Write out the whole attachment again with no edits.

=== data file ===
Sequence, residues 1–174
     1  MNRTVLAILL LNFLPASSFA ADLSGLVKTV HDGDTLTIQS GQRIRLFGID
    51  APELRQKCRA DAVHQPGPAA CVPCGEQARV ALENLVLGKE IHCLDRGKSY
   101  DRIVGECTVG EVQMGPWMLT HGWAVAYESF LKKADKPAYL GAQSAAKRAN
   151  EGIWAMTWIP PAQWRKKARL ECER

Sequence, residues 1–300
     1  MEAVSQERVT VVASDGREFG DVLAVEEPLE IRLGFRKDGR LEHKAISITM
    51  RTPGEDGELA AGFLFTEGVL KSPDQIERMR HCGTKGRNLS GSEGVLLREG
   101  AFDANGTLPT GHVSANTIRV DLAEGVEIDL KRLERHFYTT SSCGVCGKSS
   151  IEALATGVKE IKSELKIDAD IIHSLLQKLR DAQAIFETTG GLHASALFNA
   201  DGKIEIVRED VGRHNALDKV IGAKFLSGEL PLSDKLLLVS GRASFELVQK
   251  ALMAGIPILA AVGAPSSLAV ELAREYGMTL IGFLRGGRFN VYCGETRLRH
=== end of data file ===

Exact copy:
Sequence, residues 1–174
     1  MNRTVLAILL LNFLPASSFA ADLSGLVKTV HDGDTLTIQS GQRIRLFGID
    51  APELRQKCRA DAVHQPGPAA CVPCGEQARV ALENLVLGKE IHCLDRGKSY
   101  DRIVGECTVG EVQMGPWMLT HGWAVAYESF LKKADKPAYL GAQSAAKRAN
   151  EGIWAMTWIP PAQWRKKARL ECER

Sequence, residues 1–300
     1  MEAVSQERVT VVASDGREFG DVLAVEEPLE IRLGFRKDGR LEHKAISITM
    51  RTPGEDGELA AGFLFTEGVL KSPDQIERMR HCGTKGRNLS GSEGVLLREG
   101  AFDANGTLPT GHVSANTIRV DLAEGVEIDL KRLERHFYTT SSCGVCGKSS
   151  IEALATGVKE IKSELKIDAD IIHSLLQKLR DAQAIFETTG GLHASALFNA
   201  DGKIEIVRED VGRHNALDKV IGAKFLSGEL PLSDKLLLVS GRASFELVQK
   251  ALMAGIPILA AVGAPSSLAV ELAREYGMTL IGFLRGGRFN VYCGETRLRH